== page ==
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nutritional guidelines, 40, 42t nutritional objectives for, 39–40 proteins for, 40t supplements, 42, 42t Ativan (lorazepam), 284t Atomoxetine (Strattera), 31, 147t Atonic constipation, 418–419 Atopic dermatitis, 110–111, 112 Atorvastatin, 350t, 886 Atripla, 834t Atrophic gastritis, 401 Atrovent, 296t, 302 Attention-deficit disorders, 145–147, 222t Attention-deficit hyperactivity disorder (ADHD) disorders, 145–147 Autism, 148 Autism spectrum disorder (ASD), 148–150 Autistic disorder, 222t Autoimmune inner-ear disease, 128–129 Autoimmune kidney diseases, 879–881 Autoimmune thyroiditis, 589 Autonomic neuropathy, 524t Avandia (rosiglitazone), 547t Avastin (bevacizumab), 744t, 762 Avenanthramides, 735t Aventyl, 284t, 616t Avlimil, 71t Avonex, 250 Axid (nizatidine), 409t Ayuverda, 71t Azathioprine (Imuran), 250, 312, 329t, 364t, 436, 486t, 496t, 510t, 644, 651, 680t, 755t Azilect (rasagiline), 255t Azithromycin, 310t Azmacort (triamcinolone), 296t B cells, 821t Baclofen, 160, 250, 265 Bacterial diarrheas, 421 Bacterial pneumonia, 314t Bactrim, 486t, 836t, 895 Bad breath, 98t Baking ingredients, 491t Baldness, 52t Ban lan gen, 747t Baraclude (Entecavir), 486t Barberry, 71t Bariatric surgery, 812–815 Barrett’s esophagus, 395 Basal cell carcinoma, 732t Basiliximab, 893t Bassen-Kornzweig syndrome, 144–145 Beans, 491t, 535t Becker muscular dystrophy, 653t Beclomethasone, 755t Bee pollen, 126 Belatacept, 893t Belimumab (Benlysta), 650 Belladonna, 79t Benacol (sterol), 615 Benadryl (diphenhydramine), 616t Benazepril (Lotensin), 886 Benefiber, 235, 420t, 424 Benemid (probenecid), 646 Benlysta (belimumab), 650 Benzo-alpha-pyrones, 735t Benzodiazepines, 284t, 616t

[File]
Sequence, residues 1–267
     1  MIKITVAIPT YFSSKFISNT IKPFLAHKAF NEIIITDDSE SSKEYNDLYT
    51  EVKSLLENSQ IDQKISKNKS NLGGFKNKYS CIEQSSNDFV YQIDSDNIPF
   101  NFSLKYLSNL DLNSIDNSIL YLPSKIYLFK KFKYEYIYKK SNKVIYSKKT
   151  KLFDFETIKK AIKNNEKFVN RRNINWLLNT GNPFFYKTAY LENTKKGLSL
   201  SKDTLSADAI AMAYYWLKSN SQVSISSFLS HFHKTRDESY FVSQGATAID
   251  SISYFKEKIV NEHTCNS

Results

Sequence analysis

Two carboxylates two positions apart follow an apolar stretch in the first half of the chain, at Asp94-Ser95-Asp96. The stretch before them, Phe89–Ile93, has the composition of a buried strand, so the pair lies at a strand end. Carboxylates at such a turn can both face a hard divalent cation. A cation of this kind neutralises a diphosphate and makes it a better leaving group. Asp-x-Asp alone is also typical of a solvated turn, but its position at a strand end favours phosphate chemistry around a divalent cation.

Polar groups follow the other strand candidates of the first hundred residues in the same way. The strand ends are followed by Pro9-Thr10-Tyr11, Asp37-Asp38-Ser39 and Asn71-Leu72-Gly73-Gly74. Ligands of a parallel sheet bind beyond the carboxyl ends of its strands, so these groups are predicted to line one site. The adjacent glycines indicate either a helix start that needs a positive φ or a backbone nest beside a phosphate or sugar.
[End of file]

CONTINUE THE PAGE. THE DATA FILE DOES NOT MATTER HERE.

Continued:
Benzoyl peroxide, 110 Benztropine (Cogentin), 255t Beta thalassemia, 720 Beta-adrenergic blockers, 616t Beta-agonists, 296t Beta-blockers, 356, 361t, 371t, 394, 476, 486t Beta-carotene, 499t, 734t, 736t, 760, 790t Beta-cryptoxanthin, 790t Beta-galactosidofructose, 486t Betaine, 149, 181, 194, 784 Betaine-tHcy methyltransferase (BHMT), 194 Betaseron, 250 Beta-sitosterol, 736t Bevacizumab (Avastin), 744t, 762 Beverages, 492t Bexxar, 744t Bezafibrate, 513 Bezoar formation, 397–399 Biaxin (clarithromycin), 315 Bicytopenia, 698 Bifidobacterium infantis, 444 Bifidus infantis, 193 Bigorexia, 274t Biguanides, 547t Bilberry, 72t, 534t Bile acid sequestrant, 350t Bile salt replacements, 459t Bile salts, 498t Biliary atresia, 150–152 Biliary cirrhosis, 512–514 Biliary disorders, 471–473 Bilirubin, 500t Binge eating disorder, 222t, 269–270 Biochanin A, 736t Bioflavonoids, 736t Biogenic amine, 224t Biogenic monoamines, 224t Biological response modifiers, 681t Biotherapy, 732t Biotin, 119t, 534t Bipolar disorders, 222t, 273–276, 279t Bisacodyl, 417, 420t Bismuth subsalicylate, 409t Bisoprolol, 616t Bisphosphonates, 310t, 670t, 752, 755t, 798, 844 Bitter melon, 72t, 534t Bitter orange, 80t Black cohosh, 72t, 746t Bladder cancer, 772–773 Bleeding disorders, 722–724 Bleomycin, 764t, 835t Blindness, 106–108 Blocadren (timolol), 486t Blood clotting factors, 722t Blood formation, nutritional factors in, 689t Blood glucose, 526t Blood lipids, 526t Blood pressure, 367–369, 526t, 540, 860t, 880 Blood urea nitrogen (BUN), 694 Body dysmorphic disorder, 222t, 274t Body mass index (BMI), 604–605t for adolescents, 605t for children, 198, 605t mortality and, 605t for older adults, 605t for pregnant women, 604t underweight and, 622